Chapter 7
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Sail Trim

  Trimming the Headsail

  The factors affecting headsail trim are the tension on the forestay, the tension on the luff of the sail, the position of the sheet fairleads and the tension on the leech line.

Forestay Tension

  Many modern yachts are fitted with some form of backstay adjuster that serves to vary the tension in the forestay according to weather conditions. In light winds the forestay should be just firm enough to prevent the headsail from sagging away to leeward. As winds get stronger the backstay should be progressively tightened to increase the tension in the forestay until it is as tight as the strength of the rig and the condition of the hull will allow.  On fractional rigs with aft raked spreaders an overtightened backstay will cause the cap shrouds to become dangerously loose.  Overtightening may also cause irreparable damage to the hull of the yacht.

Headsail Luff Tension

  Variation in the tension on the luff of the headsail has an effect on the position of the Centre of Effort of the sail. A light tension will tend to move the CE further aft, while increased tension will move it further forward.  In light winds the luff tension should be eased slightly, and then progressively tightened as the wind increases.

Sheet Fairlead Position

  Most yachts are fitted with tracks on which the position of the sheet fairleads can be altered according to conditions.  Every headsail has an optimum position for the fairlead, depending on the cut of the sail, the type of rig and the design of the yacht. Any change in this position will also change the direction of the pull of the sheet on the clew of the headsail, and normally the angle of the sheet should subtend a line just above the bisecting seam of the headsail.

  In light airs or when sailing off the wind the fairlead may be moved forward a little in order to increase the curvature of the sail, but when sailing close-hauled care must be taken not to stretch the leech out of shape, or to allow the upper part of the sail to touch the outer end of the spreaders.

Leech Line Tension

  If the leech of the headsail flutters when the yacht is close-hauled, it means that it has been made incorrectly or that it has been stretched out of shape.  When a leech line is fitted this may be tightened slightly to remove the flutter, but overtightening will produce a pronounced hook to windward in the leech, which in turn distorts the smooth flow of wind over the mainsail.  In these circumstances the flutter in the leech may be accepted as the lesser of the two evils.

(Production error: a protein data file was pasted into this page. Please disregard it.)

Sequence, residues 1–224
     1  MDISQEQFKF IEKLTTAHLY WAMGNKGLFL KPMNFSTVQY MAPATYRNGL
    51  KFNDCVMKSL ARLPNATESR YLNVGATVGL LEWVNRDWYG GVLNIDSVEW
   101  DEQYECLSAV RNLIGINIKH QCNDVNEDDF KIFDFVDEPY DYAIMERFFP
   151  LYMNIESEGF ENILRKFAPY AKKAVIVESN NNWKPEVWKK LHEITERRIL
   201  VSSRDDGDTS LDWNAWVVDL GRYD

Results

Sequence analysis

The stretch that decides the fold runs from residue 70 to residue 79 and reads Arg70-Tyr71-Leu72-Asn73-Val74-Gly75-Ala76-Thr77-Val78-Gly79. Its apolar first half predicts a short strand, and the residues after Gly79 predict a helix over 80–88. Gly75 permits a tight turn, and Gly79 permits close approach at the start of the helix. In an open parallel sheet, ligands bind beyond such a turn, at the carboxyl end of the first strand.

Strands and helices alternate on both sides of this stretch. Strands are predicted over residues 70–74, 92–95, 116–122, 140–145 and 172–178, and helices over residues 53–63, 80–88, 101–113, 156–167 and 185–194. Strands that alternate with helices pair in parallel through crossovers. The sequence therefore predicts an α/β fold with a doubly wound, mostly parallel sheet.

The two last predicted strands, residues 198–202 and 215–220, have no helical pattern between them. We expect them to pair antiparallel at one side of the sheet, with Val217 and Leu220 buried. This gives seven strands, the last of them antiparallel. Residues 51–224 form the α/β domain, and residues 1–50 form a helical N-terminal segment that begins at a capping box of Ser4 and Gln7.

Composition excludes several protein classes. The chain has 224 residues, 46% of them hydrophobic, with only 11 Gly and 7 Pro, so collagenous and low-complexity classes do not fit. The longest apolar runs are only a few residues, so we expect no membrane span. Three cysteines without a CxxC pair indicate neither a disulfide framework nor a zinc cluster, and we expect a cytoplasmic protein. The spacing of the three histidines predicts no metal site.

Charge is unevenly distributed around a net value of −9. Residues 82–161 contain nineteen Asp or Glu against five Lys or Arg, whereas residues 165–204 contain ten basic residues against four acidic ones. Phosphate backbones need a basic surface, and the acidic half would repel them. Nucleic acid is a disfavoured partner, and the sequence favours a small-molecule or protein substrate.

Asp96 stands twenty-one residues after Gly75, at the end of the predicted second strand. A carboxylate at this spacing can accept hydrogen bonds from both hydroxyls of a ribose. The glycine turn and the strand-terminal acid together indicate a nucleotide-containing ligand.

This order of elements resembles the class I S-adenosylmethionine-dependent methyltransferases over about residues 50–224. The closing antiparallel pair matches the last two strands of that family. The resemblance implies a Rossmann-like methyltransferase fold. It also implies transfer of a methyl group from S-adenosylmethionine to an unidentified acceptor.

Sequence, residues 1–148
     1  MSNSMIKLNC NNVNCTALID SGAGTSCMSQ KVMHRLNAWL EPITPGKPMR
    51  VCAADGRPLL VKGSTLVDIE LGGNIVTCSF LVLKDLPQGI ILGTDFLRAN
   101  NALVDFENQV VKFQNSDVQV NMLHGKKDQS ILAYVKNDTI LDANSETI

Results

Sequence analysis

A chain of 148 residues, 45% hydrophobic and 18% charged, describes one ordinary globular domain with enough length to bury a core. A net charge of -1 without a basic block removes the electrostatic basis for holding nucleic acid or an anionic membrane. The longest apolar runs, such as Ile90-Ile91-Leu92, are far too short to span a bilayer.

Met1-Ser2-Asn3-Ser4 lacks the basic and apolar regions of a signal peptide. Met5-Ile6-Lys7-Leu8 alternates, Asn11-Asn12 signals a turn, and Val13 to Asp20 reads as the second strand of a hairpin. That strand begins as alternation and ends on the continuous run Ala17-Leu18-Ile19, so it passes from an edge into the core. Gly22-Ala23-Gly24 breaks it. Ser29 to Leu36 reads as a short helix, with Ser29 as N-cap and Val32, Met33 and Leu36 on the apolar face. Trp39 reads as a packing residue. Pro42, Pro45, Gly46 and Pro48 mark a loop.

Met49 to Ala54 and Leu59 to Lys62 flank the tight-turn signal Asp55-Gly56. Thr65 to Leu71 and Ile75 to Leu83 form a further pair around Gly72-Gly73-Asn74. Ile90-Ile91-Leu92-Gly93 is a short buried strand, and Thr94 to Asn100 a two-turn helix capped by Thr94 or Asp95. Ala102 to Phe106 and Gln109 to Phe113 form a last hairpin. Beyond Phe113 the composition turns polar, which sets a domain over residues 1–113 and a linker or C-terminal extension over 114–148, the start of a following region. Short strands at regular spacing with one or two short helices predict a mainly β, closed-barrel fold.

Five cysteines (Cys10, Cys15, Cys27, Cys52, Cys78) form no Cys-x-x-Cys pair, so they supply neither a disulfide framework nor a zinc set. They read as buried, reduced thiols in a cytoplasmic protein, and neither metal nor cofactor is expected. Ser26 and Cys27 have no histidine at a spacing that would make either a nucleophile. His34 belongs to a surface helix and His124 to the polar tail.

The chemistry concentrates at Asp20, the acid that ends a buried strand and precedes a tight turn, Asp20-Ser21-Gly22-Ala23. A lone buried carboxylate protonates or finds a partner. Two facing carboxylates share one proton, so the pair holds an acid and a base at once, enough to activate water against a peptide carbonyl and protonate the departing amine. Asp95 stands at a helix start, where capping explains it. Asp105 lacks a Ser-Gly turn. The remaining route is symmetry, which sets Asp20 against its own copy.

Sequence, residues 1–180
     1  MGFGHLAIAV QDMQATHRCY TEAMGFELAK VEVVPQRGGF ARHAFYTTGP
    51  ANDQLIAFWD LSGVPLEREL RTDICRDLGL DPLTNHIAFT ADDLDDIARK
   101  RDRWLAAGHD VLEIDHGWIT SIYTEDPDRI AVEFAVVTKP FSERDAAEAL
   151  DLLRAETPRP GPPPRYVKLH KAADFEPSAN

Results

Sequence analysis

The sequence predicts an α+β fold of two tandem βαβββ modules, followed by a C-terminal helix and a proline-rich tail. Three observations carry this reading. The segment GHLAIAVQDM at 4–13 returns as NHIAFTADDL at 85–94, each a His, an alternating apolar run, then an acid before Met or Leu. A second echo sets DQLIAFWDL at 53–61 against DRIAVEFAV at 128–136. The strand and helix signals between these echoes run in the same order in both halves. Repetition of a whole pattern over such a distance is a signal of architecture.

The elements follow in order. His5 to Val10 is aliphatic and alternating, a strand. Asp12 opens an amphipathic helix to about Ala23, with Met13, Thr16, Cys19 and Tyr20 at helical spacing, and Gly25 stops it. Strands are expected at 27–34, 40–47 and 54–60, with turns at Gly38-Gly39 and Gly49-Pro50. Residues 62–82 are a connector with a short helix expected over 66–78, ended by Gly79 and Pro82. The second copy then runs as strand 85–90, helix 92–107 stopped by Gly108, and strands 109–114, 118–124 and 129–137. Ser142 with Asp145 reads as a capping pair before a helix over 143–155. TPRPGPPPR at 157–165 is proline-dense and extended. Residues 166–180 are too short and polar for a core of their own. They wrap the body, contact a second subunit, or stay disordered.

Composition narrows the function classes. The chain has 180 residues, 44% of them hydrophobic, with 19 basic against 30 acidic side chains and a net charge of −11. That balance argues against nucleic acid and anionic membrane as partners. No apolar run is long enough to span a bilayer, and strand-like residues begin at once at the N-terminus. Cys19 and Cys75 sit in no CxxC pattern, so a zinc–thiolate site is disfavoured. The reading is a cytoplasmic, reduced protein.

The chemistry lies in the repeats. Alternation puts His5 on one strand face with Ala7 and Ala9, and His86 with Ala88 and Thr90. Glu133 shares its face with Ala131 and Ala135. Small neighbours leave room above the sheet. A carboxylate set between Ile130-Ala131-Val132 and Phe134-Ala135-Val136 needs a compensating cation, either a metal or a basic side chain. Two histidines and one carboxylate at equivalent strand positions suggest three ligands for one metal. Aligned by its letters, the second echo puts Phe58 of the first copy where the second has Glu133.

Trimming the Mainsail

  The trim of the mainsail is controlled by the tension of the rig, the luff, the foot of the mainsail and the position of the direction of pull of the mainsheet and kicking strap.

Rig Tension

  Tension on the backstay induces a bend in the mast that tends to flatten the mainsail.  this is of some advantage when sailing close-hauled in strong winds.

Luff Tension

  Tension on the luff in all conditions should always be sufficient to set up the sail so that there are no bags or wrinkles in the luff of the sail.  In light winds the luff may be eased slightly and in strong winds it should be tightened. This has the effect of altering the CE and fullness of the sail in the same way as it does with the headsail.

Foot Tension

  In light airs the mainsail should be fairly full while in strong winds it should be much flatter. Increasing the tension along the foot of the mainsail helps to flatten the sail and make it more efficient in strong winds, but the tension must be released when conditions do not require it.

The Mainsheet Traveller

  Most yachts are fitted with an adjustable mainsheet traveller, and this can be used to advantage in various wind conditions.  The direction of pull on the sheet can be altered by changing the position of the traveller, and it should be moved to windward when sailing close-hauled, and pushed leeward when sailing off the wind.

The Kicking Strap

  When sailing off the wind in strong winds the boom tends to lift in the air, thus creating an inefficient belly and twist in the mainsail. The lift of the boom can be controlled by the kicking strap, adjusting the tension to achieve the correct curvature in the sail. When sailing close to the wind tension on the kicking strap will help to prevent the boom from bending, thus keeping the sail flatter and more efficient for the conditions


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